Create a custom, naked-eye map of the whole sky for any place on Earth, at any time of day or night, on any date from 1600 to 2400.
When do the Sun and Moon rise and set? When does twilight end and begin? Which planets are up? Start your night of observing with our Astronomical Almanac.
Learn the phase of the Moon tonight, the day you were born, or on any historical date.
Use our interactive observing tool to say which of the planet’s four largest moons is which.
Calculate when the Great Red Spot will cross Jupiter’s central meridian — that’s the best time to see the famous storm through your telescope.
Find information on observing Jupiter during its 2016 – 2017 apparition, including information on its moons and Great Red Spot transit predictions.
Take the observing challenge: Find as many as five of the brightest moons of Uranus in a large backyard telescope using our interactive observing tool.
Triton, Neptune’s largest moon, is a tricky find. Our Triton Tracker observing tool can help users of moderate to large telescopes spot this distant moon.
To compare what you see on Mars with a map, you need to know which side of the planet you’re looking at. Our handy Mars Profiler tells you that and more, for any date and time.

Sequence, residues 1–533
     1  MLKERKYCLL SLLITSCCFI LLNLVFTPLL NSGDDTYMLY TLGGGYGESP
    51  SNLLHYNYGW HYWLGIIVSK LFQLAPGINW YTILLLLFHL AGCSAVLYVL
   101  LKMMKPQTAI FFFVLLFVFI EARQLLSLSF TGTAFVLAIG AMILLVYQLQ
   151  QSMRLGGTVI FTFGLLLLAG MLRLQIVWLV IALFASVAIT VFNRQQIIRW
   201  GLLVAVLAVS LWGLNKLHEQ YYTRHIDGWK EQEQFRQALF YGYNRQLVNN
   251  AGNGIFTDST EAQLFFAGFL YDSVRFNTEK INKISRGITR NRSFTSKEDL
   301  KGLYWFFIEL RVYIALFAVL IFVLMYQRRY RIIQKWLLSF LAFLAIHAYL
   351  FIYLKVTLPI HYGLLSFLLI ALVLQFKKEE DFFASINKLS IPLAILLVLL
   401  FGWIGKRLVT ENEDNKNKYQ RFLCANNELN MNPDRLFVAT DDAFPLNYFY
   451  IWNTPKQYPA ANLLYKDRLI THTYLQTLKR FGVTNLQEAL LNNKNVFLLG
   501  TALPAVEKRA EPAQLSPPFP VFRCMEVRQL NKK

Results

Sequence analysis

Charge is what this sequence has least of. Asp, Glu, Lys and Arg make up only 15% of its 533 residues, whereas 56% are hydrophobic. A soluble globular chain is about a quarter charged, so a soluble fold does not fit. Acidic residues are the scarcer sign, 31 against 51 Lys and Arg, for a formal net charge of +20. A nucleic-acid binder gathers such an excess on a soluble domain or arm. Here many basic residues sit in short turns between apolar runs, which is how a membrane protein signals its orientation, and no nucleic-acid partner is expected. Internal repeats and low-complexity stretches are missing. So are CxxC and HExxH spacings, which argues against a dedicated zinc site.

Use this telescope calculator to tell you how changing out eyepieces and accessories will affect your telescope’s performance.
The International Space Station passes over virtually all of Earth’s populated areas, and you can spot it easily with your eyes alone — if you know where and when to look for it.
The International Space Station often passes close to the Moon, Sun, and naked-eye planets. Use this tool to plan viewing these close encounters.
Now you can calculate the dates and times (local and Universal Times) when the eclipsing variable star Algol should be at its dimmest (magnitude 3.4 instead of its usual 2.1).